Providing coverage of Alaska and northern Canada's oil and gas industry
May 2017

Vol. 22, No. 22 Week of May 28, 2017

The Explorers 2017: Great Bear eyes conventional oil

Sees traditional prospects as an early step toward source rock development

Eric Lidji

For Petroleum News

In late September 2016, Great Bear Petroleum Operating LLC announced that it had identified eight conventional oil prospects on its leases south of Prudhoe Bay.

The announcement highlighted the unusual situation of source rock exploration and development on the North Slope at the moment, where the few companies interested in the play have decided to pursue conventional targets in the short term as a way to establish infrastructure and cash flow to support unconventional work in the future.

Great Bear officials have described an “Alaska Shale Play Catch 22.” Source rock exploration and development can only become profitable through a large economy of scale. But creating a large economy of scale would require some early profitability.

“What we recognized was that we really needed to find a more conventional play first and have that be the backstop to justify the infrastructure investment,” Chief Commercial Officer and general counsel Pat Galvin said during the Alaska Oil and Gas Congress. “Once the infrastructure is in place, the unconventional play would be economic.”

Although the company has no firm exploration plans at the moment, Galvin said that the current crop of leads were stacked, allowing all eight to be targeted with two wells. All but one of the leads are in the Brookian sequence; the outlier is in the Kuparuk. A majority of the prospects connect to oil shows from the nearby Pipeline State No. 1 well.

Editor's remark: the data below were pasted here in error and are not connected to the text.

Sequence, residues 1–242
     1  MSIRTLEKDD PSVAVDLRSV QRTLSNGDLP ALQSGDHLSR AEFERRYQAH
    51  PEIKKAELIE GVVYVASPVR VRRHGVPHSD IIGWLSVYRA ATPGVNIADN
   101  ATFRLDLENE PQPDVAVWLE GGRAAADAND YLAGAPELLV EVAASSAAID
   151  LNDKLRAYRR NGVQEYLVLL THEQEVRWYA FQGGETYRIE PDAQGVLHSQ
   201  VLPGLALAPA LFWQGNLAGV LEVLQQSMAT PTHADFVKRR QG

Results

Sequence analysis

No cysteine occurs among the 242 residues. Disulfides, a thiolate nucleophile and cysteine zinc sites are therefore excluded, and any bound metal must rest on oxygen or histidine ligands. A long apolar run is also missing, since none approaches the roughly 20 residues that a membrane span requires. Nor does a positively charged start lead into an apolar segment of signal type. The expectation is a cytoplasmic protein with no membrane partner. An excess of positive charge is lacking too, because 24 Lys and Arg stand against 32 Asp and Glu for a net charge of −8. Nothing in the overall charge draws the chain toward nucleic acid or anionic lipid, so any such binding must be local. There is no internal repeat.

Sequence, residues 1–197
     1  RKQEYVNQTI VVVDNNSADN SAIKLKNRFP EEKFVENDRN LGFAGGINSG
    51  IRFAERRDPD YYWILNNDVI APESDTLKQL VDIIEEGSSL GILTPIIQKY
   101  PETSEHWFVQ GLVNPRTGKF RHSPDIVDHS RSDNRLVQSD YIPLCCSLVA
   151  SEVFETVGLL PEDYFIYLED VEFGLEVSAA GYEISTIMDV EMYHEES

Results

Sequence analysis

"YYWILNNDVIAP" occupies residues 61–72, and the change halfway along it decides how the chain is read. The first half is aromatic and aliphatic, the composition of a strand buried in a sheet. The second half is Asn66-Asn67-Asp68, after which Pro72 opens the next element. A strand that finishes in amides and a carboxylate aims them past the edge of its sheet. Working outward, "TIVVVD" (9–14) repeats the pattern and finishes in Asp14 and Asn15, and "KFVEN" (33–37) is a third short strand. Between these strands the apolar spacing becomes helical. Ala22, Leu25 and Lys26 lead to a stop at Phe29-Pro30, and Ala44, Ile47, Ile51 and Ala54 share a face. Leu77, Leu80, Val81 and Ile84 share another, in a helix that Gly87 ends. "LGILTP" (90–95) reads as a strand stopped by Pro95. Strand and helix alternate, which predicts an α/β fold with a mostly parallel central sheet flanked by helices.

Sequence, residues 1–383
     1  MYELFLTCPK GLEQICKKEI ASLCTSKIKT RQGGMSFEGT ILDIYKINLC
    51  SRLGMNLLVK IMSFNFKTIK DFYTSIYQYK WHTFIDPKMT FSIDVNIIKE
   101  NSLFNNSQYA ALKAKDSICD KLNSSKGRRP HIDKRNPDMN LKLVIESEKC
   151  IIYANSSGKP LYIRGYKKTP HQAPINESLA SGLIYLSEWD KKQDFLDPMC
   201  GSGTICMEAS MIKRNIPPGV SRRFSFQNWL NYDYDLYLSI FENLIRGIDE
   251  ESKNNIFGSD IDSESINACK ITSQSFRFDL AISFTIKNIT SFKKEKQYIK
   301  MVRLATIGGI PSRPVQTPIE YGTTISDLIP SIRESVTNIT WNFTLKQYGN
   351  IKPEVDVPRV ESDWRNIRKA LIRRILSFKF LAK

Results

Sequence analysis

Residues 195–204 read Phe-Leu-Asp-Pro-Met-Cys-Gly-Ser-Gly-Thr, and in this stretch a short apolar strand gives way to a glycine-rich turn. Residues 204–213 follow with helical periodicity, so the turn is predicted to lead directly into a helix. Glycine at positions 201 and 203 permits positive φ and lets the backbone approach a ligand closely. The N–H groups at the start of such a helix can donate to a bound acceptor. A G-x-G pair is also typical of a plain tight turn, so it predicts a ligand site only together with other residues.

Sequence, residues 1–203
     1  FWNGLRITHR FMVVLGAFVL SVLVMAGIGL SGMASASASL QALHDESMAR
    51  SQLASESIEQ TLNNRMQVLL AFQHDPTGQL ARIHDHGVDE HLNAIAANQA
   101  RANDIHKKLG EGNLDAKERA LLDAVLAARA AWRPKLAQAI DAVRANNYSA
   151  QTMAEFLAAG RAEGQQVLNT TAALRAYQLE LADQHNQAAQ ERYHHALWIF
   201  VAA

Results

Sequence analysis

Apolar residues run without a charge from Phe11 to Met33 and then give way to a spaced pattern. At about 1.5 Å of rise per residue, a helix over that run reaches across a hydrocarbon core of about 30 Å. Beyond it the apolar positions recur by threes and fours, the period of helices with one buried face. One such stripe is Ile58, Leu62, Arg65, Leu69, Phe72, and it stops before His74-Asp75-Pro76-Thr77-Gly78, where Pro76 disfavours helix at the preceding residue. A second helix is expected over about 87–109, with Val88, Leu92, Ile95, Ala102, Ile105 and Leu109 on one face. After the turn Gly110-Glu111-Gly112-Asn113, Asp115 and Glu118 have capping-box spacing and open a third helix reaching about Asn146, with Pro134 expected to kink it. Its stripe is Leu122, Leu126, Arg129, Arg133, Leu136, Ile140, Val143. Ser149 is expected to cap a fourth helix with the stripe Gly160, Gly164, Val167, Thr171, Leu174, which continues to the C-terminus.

The new prospects follow five seasons of seismic activity. The company permitted an additional seismic program - its sixth - over a portion of its lease earlier this year.

In a move that might prove to be related, or at least adjacent, to its short term shift toward pursuing conventional oil targets, Great Bear purchased a small working interest in the Badami unit on the eastern North Slope from Arctic Slope Regional Corp. in mid-2016.

Oilfield services company Halliburton Co. and Australian independent Otto Energy both have minority interests in a portion of the leases in the Great Bear holds in Alaska.


Great Bear purchased its initial 500,000-acre leasehold during a state sale in 2010, when unconventional oil was overhauling domestic energy production in the Lower 48.

The company envisioned launching a similar revolution in Alaska.

From a geological standpoint, the idea was to trace the oil in the prolific conventional reservoirs on the North Slope back to their source rocks, and develop those directly.

Studies had indicated that the source might be three stacked rock formations to the south of the Prudhoe Bay and Kuparuk River units. Using horizontal drilling and hydraulic fracturing, Great Bear saw the potential for developing all three source rocks at once.

The location of the leasehold initially seemed ideal. Being so close to the Dalton Highway allowed the company to avoid seasonal restrictions and work year-round.